Flushed, Devyn entered the lobby radiating assuredness. Behind the blue eyes, was a busy mind. Blood rushed to my groin as the lissome woman placed her things in the bin. On one uncommon night, I was the swordsman and she, the sheath. Since then, those eyes unmanned me with indifference. It saddened me there would be nothing more. Just like my mother, and former assistant, Shawna, women were users, both treacherous and betrayers. Since then, I swore off getting close to any woman.
The new smartphone vibrated. Turning my back on the queue, I took the call. It was Unger summoning me back to the pod.
When I arrived, Unger's expression was impatient and dour. He tapped his watch. I was late. He led the way through a door marked Authorized Personnel in block lettering. The security panel required a thumbprint identification to enter. Unger programmed my prints into it by taking my hand and pressing my thumb onto its scanner.
Once the process completed, we entered a windowless room housing eight servers. The thermostat read fifty degrees Fahrenheit, the optimal temperature for the machines.
He logged on to my desktop computer. A blue box prompt asked for a user ID and password. He hunched over the keyboard and typed them in, but the characters weren't visible to the naked eye. Someone encrypted them. He added me as a new user and logged out.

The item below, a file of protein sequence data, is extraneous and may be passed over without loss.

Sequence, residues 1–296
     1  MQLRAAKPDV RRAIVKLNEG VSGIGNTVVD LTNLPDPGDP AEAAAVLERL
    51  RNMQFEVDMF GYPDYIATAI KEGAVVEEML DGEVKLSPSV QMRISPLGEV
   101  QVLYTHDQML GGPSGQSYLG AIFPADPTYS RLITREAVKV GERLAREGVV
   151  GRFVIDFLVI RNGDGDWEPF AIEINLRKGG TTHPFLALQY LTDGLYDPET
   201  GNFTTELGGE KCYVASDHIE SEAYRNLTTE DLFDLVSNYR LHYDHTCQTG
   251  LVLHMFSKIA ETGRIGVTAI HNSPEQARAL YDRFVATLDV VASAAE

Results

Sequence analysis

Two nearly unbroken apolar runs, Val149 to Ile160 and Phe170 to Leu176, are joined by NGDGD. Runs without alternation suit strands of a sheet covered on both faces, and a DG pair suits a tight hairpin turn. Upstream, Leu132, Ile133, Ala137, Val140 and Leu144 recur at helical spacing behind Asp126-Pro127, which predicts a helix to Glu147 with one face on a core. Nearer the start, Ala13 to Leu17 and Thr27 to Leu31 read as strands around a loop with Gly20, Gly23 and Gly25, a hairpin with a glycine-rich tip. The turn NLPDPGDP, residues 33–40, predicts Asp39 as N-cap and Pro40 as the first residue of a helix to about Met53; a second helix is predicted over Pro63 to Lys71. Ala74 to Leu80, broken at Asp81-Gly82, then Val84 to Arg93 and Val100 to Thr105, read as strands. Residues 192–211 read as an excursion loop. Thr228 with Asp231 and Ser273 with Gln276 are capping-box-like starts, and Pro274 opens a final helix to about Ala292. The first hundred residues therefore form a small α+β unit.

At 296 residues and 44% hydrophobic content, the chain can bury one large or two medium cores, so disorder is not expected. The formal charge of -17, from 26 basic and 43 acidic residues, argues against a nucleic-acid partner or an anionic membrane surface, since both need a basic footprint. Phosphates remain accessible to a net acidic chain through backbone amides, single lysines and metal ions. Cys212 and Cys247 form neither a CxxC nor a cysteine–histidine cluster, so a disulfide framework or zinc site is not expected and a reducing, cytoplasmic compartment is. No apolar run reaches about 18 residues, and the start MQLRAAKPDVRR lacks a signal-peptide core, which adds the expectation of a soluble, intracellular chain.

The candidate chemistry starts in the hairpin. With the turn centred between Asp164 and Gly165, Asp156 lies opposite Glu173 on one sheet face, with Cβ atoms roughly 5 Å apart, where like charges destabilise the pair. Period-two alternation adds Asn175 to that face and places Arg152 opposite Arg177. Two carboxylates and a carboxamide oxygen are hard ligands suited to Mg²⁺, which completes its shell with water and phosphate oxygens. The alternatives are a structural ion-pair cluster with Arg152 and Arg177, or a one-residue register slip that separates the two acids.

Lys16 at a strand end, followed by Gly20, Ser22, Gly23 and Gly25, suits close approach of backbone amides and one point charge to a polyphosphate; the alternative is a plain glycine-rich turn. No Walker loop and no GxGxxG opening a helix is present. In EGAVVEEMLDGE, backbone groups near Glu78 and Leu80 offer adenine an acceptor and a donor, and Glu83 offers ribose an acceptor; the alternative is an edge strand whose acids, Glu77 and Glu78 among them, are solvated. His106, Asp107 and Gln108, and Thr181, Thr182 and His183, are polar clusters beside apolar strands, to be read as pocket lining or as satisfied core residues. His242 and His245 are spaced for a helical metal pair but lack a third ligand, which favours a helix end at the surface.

Unger checked his watch. "Go to your inbox. I sent registration link. Set password. It will get you inside servers—I go now."
The firm installed a CCTV app on my phone. It could live-stream every place within a range of closed-circuit cameras. I kept track of her whereabouts on the mobile without being noticed.
At noon, the surveillance staff took lunch breaks, staggering them based on seniority. Stella, a junior member, stayed behind to cover the shifts. I stayed with her, switching the monitors from screen to screen until I spotted Devyn. She entered the dining room with her co-worker and their boss, Steve Leslie.
I seized the opportunity to "walk" her floor and give her the device when she returned.
"Stella, I am going on rounds. Can I bring you anything—coffee, a sandwich, crackers?"